Djinn Patrol on the Purple Line
by Deepa Anappara
When neighborhood children start disappearing from the slum where 9-year-old Jai lives with his sister and parents, the local police are reluctant to investigate. Inspired by his favorite detective shows, Jai decides to take the investigation into his own hands. Anappara gives readers a kaleidoscopic look at life in contemporary India. The novel doesn’t shy away from the slum’s desperate poverty, or the tragedy of the missing children, but its fully developed characters give it depth and nuance. Told in Jai’s quirky, unforgettable voice, Djinn Patrol is devastating and funny, warm and heart-wrenching.
Long Bright River
by Liz Moore
Mickey Fitzpatrick is a beat cop who works the streets of Kensington, a Philly neighborhood that has been hit hard by the opioid epidemic. Her sister, Kacey, is caught in a vicious cycle of addiction, and works the neighborhood as a sex worker. When someone starts murdering local women and Kacey disappears, Mickey risks everything to find her. A gritty blend of mystery and family drama.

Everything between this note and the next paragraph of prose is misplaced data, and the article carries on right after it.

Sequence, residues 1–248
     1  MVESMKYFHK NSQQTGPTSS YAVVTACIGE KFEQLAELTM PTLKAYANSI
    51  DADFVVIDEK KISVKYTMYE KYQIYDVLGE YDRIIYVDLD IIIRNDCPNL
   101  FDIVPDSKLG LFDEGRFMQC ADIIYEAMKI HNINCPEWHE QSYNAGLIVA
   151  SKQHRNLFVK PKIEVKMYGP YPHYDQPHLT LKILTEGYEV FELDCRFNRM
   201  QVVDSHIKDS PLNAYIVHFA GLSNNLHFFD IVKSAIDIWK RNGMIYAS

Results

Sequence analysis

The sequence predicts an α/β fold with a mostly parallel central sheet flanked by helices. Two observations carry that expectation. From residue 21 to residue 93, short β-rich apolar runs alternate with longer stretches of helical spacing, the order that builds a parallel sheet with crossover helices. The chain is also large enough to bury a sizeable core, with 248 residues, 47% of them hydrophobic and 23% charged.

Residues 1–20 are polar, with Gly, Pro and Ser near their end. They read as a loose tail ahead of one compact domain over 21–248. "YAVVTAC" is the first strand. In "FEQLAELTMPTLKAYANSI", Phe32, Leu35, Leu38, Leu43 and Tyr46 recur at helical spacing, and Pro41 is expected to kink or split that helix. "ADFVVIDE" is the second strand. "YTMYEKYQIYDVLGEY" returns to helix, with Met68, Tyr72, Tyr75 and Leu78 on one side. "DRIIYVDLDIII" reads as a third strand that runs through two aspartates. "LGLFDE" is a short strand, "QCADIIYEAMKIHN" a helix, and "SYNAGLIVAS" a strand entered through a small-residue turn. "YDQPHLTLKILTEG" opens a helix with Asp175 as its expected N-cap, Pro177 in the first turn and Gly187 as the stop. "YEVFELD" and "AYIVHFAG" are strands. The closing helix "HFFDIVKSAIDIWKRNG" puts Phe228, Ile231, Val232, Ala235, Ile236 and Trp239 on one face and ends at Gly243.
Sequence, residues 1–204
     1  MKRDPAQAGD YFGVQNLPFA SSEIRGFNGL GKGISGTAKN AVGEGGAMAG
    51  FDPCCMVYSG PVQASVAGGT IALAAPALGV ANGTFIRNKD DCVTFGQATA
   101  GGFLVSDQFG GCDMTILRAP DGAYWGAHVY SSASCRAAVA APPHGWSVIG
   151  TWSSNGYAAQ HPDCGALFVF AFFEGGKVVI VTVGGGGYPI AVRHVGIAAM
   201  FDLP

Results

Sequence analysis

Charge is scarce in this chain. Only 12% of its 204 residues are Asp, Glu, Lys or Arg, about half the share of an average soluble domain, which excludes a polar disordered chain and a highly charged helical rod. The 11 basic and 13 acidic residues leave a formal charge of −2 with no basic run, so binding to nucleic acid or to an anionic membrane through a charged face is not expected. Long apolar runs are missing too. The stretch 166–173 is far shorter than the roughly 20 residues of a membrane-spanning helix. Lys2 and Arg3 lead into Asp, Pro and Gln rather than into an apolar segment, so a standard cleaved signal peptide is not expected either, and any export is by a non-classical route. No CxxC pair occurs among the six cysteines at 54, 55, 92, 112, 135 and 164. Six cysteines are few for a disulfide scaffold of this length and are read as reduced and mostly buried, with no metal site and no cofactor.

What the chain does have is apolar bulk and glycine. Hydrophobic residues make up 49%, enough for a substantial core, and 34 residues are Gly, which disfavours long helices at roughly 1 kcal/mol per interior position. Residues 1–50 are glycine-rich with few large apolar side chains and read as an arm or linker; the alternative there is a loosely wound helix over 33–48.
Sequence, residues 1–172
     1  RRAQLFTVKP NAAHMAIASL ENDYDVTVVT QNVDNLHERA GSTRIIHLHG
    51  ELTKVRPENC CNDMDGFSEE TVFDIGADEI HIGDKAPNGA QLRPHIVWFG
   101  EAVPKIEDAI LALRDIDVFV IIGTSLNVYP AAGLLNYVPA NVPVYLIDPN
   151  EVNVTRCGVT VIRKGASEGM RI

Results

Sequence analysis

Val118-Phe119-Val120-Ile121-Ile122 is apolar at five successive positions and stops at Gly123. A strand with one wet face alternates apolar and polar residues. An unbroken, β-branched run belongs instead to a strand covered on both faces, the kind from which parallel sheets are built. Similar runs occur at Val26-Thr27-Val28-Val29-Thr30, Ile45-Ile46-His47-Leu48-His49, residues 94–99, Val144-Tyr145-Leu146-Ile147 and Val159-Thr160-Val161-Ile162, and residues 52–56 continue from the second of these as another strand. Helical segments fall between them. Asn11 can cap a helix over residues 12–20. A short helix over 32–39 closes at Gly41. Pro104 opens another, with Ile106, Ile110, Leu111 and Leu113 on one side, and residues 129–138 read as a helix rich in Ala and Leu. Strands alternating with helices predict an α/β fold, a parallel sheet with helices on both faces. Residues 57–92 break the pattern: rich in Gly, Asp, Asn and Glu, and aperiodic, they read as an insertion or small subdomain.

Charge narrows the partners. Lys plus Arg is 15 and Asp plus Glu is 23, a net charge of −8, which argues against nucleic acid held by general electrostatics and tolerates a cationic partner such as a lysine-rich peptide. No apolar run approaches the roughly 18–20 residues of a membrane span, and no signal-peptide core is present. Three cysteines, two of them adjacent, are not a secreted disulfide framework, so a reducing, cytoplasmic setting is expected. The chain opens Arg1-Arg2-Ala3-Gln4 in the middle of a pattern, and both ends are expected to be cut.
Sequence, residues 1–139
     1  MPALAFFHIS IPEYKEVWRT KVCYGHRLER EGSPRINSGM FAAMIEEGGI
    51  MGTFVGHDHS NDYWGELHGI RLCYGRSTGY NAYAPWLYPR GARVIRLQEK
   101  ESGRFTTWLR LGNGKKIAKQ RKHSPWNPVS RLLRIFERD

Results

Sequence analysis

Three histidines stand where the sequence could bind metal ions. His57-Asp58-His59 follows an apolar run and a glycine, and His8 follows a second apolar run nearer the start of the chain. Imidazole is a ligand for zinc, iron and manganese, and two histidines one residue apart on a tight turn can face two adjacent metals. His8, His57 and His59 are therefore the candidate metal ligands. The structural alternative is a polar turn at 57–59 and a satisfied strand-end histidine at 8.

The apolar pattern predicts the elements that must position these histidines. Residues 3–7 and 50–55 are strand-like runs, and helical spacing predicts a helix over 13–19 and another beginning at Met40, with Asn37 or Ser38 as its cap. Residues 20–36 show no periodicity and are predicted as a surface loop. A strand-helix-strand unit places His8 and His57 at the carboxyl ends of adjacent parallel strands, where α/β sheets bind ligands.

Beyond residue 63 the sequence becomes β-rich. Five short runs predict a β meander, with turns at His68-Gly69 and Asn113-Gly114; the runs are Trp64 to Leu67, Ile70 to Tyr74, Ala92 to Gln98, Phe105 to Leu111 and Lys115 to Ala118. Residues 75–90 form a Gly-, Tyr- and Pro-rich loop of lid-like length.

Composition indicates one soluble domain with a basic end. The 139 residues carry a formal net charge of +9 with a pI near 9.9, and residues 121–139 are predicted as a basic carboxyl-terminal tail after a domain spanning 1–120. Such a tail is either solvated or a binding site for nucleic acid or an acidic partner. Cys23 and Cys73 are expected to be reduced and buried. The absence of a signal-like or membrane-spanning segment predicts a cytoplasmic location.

The Best Bad Things
by Katrina Carrasco
Set in Port Townsend’s seedy underbelly in 1887, this knock-down, drag-out novel is both deeply researched and fast-paced. It follows cross-dressing Alma Rosales, also known as Jack, who arrives in Port Townsend to root out an opium smuggling ring. Alma is impulsive, hard-headed, and ferocious. In Carrasco’s capable hands, she’s also one of the most memorable characters in crime fiction.
Emily Calkins is the readers’ services program coordinator for KCLS, where she specializes in connecting readers with stories, authors, and each other. She also is the co-host of KCLS’ podcast, The Desk Set. As a reader, she likes flawed characters, atmospheric world-building, and anything with a slow-burn romance.